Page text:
Julio Cortázar


    • Male

    About the artist

    1914: Was born in Ixelles, Belgium
    1984: Died in Paris, France

    Julio Cortázar was a novelist, short story writer, and essayist born in Belgium. His parents moved from Argentina to Brussels where he was born. He is known as one of the founders of the Latin American Boom, Cortázar influenced an entire generation of Spanish-speaking readers and writers in the Americas and Europe. He has been called a "modern master of the short story."

    Cortázar wrote numerous short stories, collected in volumes as Bestiario (1951), Final del juego (1956), and Las armas secretas (1959).  English translations by Paul Blackburn of stories selected from these volumes were published as Blow-up, Michelangelo Antonioni's film Blowup, which was inspired by Cortázar's story "Las Babas del Diablo" (literally, "The Droolings of the Devil", an Argentine expression for the long threads some spiders and insects leave hanging between the trees), which was in turn based on a photograph taken by Chilean photographer Sergio Larraín during a shoot outside of Notre Dame Cathedral in Paris.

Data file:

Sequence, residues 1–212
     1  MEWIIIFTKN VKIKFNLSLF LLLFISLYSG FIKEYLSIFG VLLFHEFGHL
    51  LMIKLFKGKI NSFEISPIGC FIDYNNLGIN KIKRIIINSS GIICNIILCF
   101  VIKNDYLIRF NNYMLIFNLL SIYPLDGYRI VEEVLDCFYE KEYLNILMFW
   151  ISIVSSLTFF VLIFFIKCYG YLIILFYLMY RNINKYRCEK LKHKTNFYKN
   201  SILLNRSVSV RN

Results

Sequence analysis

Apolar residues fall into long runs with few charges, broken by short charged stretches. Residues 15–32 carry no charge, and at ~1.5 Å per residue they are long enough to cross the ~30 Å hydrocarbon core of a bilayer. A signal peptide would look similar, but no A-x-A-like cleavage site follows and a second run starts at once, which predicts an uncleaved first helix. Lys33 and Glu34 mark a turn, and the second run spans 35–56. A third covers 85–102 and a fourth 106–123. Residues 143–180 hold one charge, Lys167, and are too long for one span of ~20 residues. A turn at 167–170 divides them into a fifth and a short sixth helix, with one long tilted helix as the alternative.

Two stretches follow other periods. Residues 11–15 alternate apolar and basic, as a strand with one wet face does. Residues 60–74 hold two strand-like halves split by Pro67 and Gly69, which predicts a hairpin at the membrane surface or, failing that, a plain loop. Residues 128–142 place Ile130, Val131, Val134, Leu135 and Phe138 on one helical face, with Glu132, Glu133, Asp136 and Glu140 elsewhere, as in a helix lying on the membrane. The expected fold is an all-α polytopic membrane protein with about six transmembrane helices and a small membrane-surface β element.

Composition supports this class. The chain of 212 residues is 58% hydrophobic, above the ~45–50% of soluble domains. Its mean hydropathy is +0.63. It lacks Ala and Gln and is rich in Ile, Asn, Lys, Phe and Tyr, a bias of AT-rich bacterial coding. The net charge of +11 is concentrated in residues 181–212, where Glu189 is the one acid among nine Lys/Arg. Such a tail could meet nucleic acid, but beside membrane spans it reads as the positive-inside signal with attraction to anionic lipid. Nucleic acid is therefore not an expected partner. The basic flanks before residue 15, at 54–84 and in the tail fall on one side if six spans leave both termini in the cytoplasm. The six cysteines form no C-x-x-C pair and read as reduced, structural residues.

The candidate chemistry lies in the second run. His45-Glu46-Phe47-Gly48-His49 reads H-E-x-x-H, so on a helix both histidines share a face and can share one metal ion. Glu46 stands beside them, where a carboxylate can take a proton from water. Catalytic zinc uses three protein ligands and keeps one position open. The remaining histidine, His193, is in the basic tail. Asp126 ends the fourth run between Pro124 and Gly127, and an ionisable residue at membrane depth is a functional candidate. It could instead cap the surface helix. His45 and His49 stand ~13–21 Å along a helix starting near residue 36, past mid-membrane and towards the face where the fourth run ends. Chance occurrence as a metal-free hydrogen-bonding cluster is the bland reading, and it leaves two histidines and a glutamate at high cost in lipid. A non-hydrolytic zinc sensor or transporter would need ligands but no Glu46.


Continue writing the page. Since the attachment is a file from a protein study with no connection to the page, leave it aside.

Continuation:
Cortázar also published several novels translated into English by Gregory Rabassa.

    The open-ended structure of Hopscotch, which invites the reader to choose between a linear and a non-linear mode of reading, has been praised by other Latin American writers, including José Lezama Lima, Giannina Braschi, Carlos Fuentes, Gabriel García Márquez, and Mario Vargas Llosa. His main influences were Surrealism, the French Nouveau roman and the improvisatory aesthetic of jazz.

    Cortázar also published poetry, drama, and various works of non-fiction. 

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